​​​​​​​Modern life is ludicrous; not enough hours in the day, finding time to dedicate to landscape photography can be tricky. Coinciding available time with some decent and interesting weather can often prove elusive.
When all the elements fit and you arrive at a location it’s very easy to get carried away and start taking photos as soon as you get there. You’ll often find that out of, say, ten photos you take, it’s usually the last couple of images that are by far the best.
How often have you set up your tripod before getting your camera out of the bag? I used to be guilty of this myself, and I always set it up at head height. A nice comfortable, civilised height to work at. I would then often think that I could do with the camera at a different height, but after the hassle of adjusting the tripod I’d decide ‘actually I’ll leave it where it is’ to the detriment of the final image.
Hands up, who’s has been out, taken lots of shots only to see, when you get home and look at them on the computer, something you simply didn’t see when you were taking the photos? We’ve all done it. Random branches encroaching into the edge of the image, the annoying litter bin, a random sign. 
Whenever I’m asked for tips regarding landscape photography, the first thing I say is to slow down, really slow down. When you get to a location, before you even take your camera out of the bag there are so many things to think about. 

Stop and stand still.

Start to take in the scene in front of you. Scan your eyes across the landscape and look carefully for anything that grabs your attention. It could be anything from: a bright highlight on an object, an interesting tree, a fence line, to a reflection. Whatever it is that attracts your eye will ultimately draw the eye of the person looking at your final image. I always then try to base my composition around one of these attention grabbing points of interest. If you ignore them, you can guarantee when you look at your photo later you will look at one of these points first. Ignoring these eye-catching things can make it quite confusing when somebody looks at your photo.
When I find that illusive object in my scene that I’m going to work around I then work to find the best way to capture it and integrate it into the shot to create a complimentary flow around the image. A rock at the edge of a Scottish loch for example will often look superb photographed from a low angle. I often joke that if you return home without muddy and wet knees you haven’t been trying hard enough as you haven’t explored all the compositional possibilities.
I still shoot the majority of my landscapes on medium format film, so I get 12 shots on a roll of film so when you add in the cost of the film, developing the film and printing the image, you can comfortably be looking at £10+ per shot. This really makes you stop and think before you press the shutter release. I’ve had many occasions where I’ve been out, arrived home, for my wife to ask how I’d gotten on and did I get any good shots. My reply had frequently been ‘I didn’t actually take any photos’. If for whatever reason the light has been ‘wrong’ or the shot I’d gone for simply wasn’t working I’d rather walk away and return than take the photo for the sake of taking it.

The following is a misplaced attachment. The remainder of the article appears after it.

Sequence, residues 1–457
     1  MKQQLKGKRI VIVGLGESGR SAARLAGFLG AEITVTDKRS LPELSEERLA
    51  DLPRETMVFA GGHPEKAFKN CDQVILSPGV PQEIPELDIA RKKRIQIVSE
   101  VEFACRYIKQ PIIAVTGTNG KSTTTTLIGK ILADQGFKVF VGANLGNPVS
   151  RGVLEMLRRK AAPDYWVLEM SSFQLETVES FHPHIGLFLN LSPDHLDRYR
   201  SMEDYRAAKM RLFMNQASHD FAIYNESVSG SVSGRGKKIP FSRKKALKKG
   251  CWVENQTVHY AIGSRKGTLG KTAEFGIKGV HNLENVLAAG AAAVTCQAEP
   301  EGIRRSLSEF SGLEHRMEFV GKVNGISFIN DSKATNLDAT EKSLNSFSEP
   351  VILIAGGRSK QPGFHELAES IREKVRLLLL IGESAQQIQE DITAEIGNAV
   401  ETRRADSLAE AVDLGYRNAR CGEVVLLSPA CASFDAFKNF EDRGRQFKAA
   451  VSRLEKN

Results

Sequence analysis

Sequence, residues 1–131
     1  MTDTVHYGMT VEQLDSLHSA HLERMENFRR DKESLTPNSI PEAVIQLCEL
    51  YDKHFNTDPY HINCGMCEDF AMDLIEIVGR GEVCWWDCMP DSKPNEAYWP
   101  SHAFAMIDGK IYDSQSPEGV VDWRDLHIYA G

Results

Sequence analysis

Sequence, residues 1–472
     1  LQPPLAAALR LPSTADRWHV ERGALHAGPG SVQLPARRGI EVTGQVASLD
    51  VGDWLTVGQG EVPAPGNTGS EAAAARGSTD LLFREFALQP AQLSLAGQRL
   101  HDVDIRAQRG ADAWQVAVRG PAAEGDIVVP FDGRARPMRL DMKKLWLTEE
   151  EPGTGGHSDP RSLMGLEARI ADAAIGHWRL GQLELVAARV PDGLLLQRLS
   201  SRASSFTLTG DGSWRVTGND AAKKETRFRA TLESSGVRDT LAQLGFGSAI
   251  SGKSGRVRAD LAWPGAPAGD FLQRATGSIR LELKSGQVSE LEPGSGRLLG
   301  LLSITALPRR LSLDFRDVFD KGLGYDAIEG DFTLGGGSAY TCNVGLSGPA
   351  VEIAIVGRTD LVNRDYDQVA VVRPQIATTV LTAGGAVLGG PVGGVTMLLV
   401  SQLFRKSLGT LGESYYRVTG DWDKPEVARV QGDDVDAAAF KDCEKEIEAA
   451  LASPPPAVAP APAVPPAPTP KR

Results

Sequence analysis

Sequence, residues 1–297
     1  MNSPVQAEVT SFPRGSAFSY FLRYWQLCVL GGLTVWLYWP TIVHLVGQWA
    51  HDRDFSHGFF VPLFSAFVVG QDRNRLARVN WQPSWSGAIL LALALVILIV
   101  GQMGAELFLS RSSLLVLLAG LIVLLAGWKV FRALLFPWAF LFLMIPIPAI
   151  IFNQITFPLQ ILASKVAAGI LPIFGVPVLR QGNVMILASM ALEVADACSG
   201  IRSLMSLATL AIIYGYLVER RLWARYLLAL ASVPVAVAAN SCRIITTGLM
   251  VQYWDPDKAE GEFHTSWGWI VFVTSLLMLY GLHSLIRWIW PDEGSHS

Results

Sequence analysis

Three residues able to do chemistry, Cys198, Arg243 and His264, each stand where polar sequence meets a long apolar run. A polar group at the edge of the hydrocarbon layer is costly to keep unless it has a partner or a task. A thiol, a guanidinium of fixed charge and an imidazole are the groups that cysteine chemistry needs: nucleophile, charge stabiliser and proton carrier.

There are so many questions to ask before you take the photo. Which lens should I use? Do I need filters? What shutter speed do I want? What aperture to go for to get the desired depth of field? And more importantly, how should I compose the shot? 
As I said, before I even get my camera out of the bag I will stand still and look at the landscape in front of me. I will then start to create my composition by moving around to see how things interact with each other; ‘can I get those two trees which are overlapping to separate?’ or ‘does it look better if I crouch down to get the fence line above the horizon?’. 
I hold my hands up and admit I look like a complete idiot when I’m composing a photo. To somebody watching me I am basically doing a very slow ridiculous dance with squatting and slight movements to each side with a tiptoe or crouch added for good measure.
Once I’ve set up my shot, I always pause before taking it and have a final look round the viewfinder. It’s alarmingly easy to miss something at the edge of the shot as you’re concentrating on your focal point.
The upshot is that I have a very good idea of my camera position. I’ll then look through the viewfinder to check the lens selection is working and finally set my tripod up. I may still tweak it a bit, but I’ve bypassed the ten shots I probably would have taken, which would never have seen the light of day again.

Next time you go somewhere have a go at the ‘one shot challenge’. I often set this challenge to people on my workshops when we arrive at a location, and everybody is full of enthusiasm to start shooting straight away. ‘You’re only allowed to take one photo.’ You can take a second shot from exactly the same spot if you need to adjust the exposure but that’s it. It really makes you think of many different compositional possibilities before you commit to pressing the shutter release. Suddenly everybody stops and stands still. You can see the thought process starting. Then before you know it they’re all partaking in my little composition dance.
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